(5)

where 0 <*λ *< 1. When *λ *is zero, it returns to the hard threshold. When *λ *is one, it returns to the soft threshold. We set *λ *= [0.1, 0.4]. The procedure of wavelet-based de-noising is given as:

(6)

Xu et al. [40] proposed a spatially selective noise filtration technique. They declared that the singularity of a signal should have a large peak value in different scales, while noise should have fading energy with increasing scales. Inspired by their work, we developed a 'Spatial Adaptive Algorithm' to identify true peaks (a more detailed description of the method is presented in Additional file 1).

Assuming the largest scale of decomposition is *J*, *Wf*(*j, n*)denotes DWT coefficient of signal *f *at position *n *in scale *j*. We denoted the correlation of bordered scales as follows:

(7)

where *l *represents the scale and *j *<*J *- *l *+ 1. As the singularity of signals increases along with increasing scales, bordered points affect each other in detailed scales. We chose *l *= 2 to compute the correlation:

(8)

where *Corr*_{2}(*j, n*) is denoted as correlation coefficient of the position *n *in scale *j*.

To make correlation coefficient and wavelet coefficient more comparable, we defined the correlation coefficient uniformly:

And:

(9)

Then we compared *NewCorr*_{2}(*j*, *n*) with *Wf*(*j*, *n*) to obtain the edges of important signals. In summary, by multiplying wavelet coefficients of bordered scales, we computed a correlation coefficient to suppress the noise and to strengthen the signal. Our algorithm improved the identification of real signals and the orientational precision of the identified signals.

We programmed and compiled WaveletQuant using Visual C++ 2005 Express Edition. A program flow chart is shown in Figure Figure1.1. We evaluated peptide abundances by reconstructing a raw single-ion chromatogram over a chromatographic elution period. Then the wavelet algorithms we described in the previous sections were applied to obtain an adjusted chromatogram peak area. Signals inside the peak region were decomposed into four levels and correlation coefficients of bordered points in each scale were calculated. Next, we recursively computed new correlation coefficients and modified them by comparing them with *Wf*(*j*, *n*). According to these new values, a noise threshold was re-calculated. If the wavelet coefficients were less than the noise threshold, they were set to zero. The remaining wavelet coefficients were considered signals. Finally, we reconstructed the de-noised signals and used the de-noised peak areas to calculate peptide abundance. Because the Trans-Proteomic Pipeline (TPP) http://tools.proteomecenter.org/software.php is a commonly used open source proteomics analysis pipeline, we decided to build our program into the TPP. We compiled a new TPP package by replacing the ASAPRatio program with the WaveletQuant program. The package and its documentation can be downloaded from our website at http://www.zcni.zju.edu.cn/en/WaveletQuant_for_Quantitative_Proteomics/waveletquant.html or http://systemsbiozju.org/data/WaveletQuant.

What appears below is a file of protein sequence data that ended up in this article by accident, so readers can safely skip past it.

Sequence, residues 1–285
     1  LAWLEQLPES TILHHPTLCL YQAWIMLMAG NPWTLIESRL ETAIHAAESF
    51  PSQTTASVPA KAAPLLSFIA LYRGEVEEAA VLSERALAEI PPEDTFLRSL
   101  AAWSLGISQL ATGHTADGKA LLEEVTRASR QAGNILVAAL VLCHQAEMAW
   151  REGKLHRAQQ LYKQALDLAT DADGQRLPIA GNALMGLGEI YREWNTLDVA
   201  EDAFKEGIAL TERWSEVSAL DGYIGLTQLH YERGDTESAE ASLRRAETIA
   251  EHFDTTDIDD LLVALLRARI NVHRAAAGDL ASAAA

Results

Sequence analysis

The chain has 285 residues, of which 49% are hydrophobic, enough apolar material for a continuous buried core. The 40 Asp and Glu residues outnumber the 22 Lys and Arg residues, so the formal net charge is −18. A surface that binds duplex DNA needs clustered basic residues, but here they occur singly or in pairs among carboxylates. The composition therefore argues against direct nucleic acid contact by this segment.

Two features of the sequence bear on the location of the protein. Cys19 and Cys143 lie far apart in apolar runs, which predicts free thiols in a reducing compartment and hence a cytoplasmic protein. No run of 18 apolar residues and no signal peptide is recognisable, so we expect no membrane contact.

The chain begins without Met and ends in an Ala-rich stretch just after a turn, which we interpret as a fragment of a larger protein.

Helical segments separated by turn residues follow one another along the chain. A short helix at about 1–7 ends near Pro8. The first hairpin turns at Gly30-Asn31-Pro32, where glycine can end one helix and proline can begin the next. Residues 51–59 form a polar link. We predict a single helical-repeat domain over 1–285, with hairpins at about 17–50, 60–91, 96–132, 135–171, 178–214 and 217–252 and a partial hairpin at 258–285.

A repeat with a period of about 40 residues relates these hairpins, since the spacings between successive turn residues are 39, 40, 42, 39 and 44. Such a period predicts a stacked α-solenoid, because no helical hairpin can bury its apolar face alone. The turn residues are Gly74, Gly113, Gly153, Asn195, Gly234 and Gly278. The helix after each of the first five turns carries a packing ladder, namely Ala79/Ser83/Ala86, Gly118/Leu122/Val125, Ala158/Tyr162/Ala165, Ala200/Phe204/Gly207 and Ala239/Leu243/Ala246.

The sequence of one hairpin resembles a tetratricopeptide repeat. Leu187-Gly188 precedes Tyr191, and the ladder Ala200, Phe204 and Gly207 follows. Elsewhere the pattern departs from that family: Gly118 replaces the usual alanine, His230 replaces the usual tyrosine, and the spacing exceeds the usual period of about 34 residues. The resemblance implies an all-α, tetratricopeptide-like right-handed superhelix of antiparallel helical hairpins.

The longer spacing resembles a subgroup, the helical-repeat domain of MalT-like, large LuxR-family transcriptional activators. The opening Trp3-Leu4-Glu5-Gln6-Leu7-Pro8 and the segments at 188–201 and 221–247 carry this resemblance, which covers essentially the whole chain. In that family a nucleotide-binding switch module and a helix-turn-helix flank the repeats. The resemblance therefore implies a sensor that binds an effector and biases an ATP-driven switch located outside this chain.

We compared the performance of our WaveletQuant program with the ASAPRatio program using a dataset generated by mixing different ratios of yeast cell extract grown in heavy vs. light isotopic media. Proteins were mixed in the following ratio 1:2, 1:1.5, 1:1, 1.5:1, 2:1, and then analyzed by LTQ-MS.

We found that the WaveletQuant program was able to perform curve fitting for respective chromatogram pairs and to quantify more accurately the difference of mixed yeast extracts than the original ASAPRatio program. Figures Figures22 and and33 show several examples where the WaveletQuant program performed better than the ASAPRatio program, which uses the Savitzky-Golay filter for denoising. The WaveletQuant program achieved more accurate quantification. An advantage of our program is the ability to separate a high peak from an overlapping low peak. The ASAPRatio program tends to merge the two peaks into one and quantified it. However, the low peak can be noise or a signal from another peptide that eluted immediately following the peptide being analyzed. The most obvious examples are those shown in Figures Figures22 and and3.3. In Figure Figure2A2A and and3B,3B, the two peaks in the heavy peptide (bottom panel) were regarded as one peak by ASAPRatio program. However, the WaveletQuant program was able to separate the two peaks. For the peptide shown in Figure Figure2B,2B, ASAPRatio failed to quantify it, but WaveletQuant did find the correct peaks and was able to quantify it. Figure Figure3A3A showed a subtle example where the 2^{nd }peak could often be mistaken as from the first peak. In Figure Figure3A,3A, for the heavy labeled peptide (bottom half of the two panels), our program was able to separate two overlapped peaks, while the ASAPRatio regarded it as one peak. The ASAPRatio therefore over quantified the heavy labeled peptides. Additional examples were shown in Additional file 2, 3 and 4.